There is something about the early saints and mystics that prods me to ponder the comfortable slumber of my soul. Francis of Assisi lived his life, feet firmly planted on the land with his heart soaring to heaven. Rumi, the Sufi poet, wrote “the Song of the Reed” which is a lyrical metaphor that speaks of a soul yearning to be complete. Then, there is St. Simeon the Stylite, from Syria, the ‘pillar hermit’ who lived in silence at the top of a pillar for about 30 odd years, fasting, praying and writing. They are the ascetics, monks who lived simple, disciplined lives in deep pursuit of God.
As I read and contemplate the work of these saints, I feel like I am starving. My soul thirsts for that matrix of spirit that is so evident their lives. Their stories are full of intensity and their lives fully devoted in faithful pursuit of God through prayer and fasting. My efforts seem a bit half-hearted at best, no matter how intentional I am.
I think of the two disciples who followed Jesus and he turned and said to them “What do you want?” (John 1: 37-38). What do I want? What am I looking for? What is my heart’s deepest desire? We live in a world with a myriad of temptations all set to fill and satisfy anyone’s thirst or hunger. And yet… And yet, there are echoes of that old Rolling Stones classic, “I can’t get no satisfaction.”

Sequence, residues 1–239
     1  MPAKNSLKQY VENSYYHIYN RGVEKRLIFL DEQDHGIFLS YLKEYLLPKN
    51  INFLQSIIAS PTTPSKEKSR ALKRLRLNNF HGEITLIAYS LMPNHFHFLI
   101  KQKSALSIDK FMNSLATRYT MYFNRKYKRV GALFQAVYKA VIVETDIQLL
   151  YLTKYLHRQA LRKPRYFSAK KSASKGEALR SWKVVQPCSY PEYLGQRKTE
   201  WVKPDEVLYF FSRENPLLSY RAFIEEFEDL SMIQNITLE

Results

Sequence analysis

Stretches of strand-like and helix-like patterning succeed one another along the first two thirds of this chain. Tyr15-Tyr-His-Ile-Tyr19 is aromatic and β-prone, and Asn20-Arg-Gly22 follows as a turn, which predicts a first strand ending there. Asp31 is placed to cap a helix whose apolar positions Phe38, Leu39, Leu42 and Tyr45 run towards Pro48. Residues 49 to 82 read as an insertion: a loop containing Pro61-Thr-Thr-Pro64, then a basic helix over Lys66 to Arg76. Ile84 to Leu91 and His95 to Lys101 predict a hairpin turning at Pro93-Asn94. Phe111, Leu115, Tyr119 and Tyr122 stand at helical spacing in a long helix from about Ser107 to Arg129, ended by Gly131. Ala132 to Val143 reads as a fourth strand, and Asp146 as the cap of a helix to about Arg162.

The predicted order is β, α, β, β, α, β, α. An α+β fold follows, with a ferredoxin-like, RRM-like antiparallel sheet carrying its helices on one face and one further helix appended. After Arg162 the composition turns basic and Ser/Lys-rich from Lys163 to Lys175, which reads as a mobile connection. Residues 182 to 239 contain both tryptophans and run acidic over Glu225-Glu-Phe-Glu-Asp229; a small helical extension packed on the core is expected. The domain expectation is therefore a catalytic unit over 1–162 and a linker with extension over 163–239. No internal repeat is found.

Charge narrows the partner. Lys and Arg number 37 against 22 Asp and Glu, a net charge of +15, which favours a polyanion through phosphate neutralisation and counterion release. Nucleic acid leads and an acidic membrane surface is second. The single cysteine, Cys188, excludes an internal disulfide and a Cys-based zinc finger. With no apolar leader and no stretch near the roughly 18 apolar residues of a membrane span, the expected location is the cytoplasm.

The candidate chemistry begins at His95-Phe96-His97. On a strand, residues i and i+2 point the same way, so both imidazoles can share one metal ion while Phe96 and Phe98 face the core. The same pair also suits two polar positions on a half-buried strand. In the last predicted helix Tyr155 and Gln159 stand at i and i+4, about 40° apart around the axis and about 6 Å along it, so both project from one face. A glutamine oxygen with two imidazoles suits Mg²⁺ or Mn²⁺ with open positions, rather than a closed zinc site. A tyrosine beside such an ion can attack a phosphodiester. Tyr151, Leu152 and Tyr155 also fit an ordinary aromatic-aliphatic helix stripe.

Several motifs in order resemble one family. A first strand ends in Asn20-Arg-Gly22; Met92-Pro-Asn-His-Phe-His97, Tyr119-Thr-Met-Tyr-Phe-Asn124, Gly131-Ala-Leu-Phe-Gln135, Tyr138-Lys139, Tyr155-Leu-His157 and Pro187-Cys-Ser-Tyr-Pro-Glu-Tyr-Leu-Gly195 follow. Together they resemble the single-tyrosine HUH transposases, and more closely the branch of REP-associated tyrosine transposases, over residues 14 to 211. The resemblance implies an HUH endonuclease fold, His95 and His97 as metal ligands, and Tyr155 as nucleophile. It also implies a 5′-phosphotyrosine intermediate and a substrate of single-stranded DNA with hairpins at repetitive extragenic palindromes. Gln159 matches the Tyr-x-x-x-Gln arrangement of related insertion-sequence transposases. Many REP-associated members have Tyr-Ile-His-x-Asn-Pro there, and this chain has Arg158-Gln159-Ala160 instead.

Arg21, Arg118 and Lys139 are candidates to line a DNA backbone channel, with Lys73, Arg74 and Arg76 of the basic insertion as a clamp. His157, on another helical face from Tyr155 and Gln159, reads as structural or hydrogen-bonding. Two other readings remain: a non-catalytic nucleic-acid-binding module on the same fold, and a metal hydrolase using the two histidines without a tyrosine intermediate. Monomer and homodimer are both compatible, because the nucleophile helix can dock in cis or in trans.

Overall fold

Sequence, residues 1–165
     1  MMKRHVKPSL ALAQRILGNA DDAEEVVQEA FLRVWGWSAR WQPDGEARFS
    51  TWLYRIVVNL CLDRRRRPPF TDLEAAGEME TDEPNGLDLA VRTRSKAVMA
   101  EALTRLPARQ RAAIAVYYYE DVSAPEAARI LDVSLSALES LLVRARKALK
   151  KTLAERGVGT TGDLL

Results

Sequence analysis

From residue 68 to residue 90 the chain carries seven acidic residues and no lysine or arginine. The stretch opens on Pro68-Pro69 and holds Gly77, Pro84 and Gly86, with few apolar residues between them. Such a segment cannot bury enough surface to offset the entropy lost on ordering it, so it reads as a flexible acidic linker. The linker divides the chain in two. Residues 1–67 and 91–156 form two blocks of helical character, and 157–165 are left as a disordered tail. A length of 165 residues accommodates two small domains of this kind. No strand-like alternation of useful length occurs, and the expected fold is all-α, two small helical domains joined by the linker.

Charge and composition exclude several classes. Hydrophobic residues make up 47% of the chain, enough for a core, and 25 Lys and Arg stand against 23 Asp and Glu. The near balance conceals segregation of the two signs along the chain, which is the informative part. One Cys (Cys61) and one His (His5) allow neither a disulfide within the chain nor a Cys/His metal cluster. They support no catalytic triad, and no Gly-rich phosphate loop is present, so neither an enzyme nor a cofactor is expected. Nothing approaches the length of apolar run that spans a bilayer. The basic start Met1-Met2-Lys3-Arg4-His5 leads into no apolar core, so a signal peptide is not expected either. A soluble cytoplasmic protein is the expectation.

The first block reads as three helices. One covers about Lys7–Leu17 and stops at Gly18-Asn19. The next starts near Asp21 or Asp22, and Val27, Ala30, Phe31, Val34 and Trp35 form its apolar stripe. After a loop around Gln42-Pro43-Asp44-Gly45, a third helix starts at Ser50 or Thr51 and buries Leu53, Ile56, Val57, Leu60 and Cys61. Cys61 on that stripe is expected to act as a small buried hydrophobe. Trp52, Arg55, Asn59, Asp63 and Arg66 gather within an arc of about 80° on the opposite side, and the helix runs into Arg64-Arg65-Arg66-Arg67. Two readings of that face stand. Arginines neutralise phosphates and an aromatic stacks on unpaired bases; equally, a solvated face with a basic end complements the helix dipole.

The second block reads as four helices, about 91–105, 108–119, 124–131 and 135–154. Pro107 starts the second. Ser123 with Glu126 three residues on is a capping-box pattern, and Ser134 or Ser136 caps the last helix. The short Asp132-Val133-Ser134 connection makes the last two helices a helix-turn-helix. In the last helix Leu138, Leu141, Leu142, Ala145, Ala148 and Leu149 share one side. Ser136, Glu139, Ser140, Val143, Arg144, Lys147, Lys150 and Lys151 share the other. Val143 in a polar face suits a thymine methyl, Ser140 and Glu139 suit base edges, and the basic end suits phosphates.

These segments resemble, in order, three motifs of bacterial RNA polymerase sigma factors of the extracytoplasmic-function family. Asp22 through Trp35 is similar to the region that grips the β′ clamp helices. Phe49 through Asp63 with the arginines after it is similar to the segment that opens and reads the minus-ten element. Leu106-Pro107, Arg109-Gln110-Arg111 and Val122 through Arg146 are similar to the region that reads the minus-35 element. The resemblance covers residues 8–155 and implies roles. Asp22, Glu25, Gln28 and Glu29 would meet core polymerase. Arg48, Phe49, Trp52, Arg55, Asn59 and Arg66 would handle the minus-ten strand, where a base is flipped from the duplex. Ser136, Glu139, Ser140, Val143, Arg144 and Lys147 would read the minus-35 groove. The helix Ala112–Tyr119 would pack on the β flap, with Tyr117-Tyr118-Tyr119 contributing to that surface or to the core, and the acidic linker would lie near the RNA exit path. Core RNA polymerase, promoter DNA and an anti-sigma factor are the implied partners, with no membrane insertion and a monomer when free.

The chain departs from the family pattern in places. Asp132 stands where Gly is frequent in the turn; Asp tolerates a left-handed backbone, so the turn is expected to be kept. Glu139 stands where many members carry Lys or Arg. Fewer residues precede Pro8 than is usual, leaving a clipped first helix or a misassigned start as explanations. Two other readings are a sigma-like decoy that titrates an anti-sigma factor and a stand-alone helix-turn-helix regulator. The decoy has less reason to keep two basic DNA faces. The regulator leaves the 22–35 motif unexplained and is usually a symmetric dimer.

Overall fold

Still, the heart and mind are persistent. Saint Augustine said that our hearts are only satisfied when they are satisfied with God. David longed for God’s touch. He writes in Psalm 63, “You, God, are my God, earnestly I seek you; I thirst for you, my whole being longs for you, in a dry and parched land where there is no water” (NIV)
This is the essence of fasting, I think. We thirst to know more of all that God is for us. We hunger, not because we are seeking something we don’t have. We fast because we know the new wine of Christ’s presence and our souls ache to know more of His presence and power in our midst. A fast is really an opportunity to feast on God’s word. To earnestly seek Him.
As we begin our 21 days of praying and fasting, I pray with Paul, “that you, being rooted and established in love, may have power, together with all the saints, to grasp how wide and long and high and deep is the love of Christ, and to know this love that surpasses knowledge—that you may be filled to the measure of all the fullness of God.” (Ephesians 3: 17-19)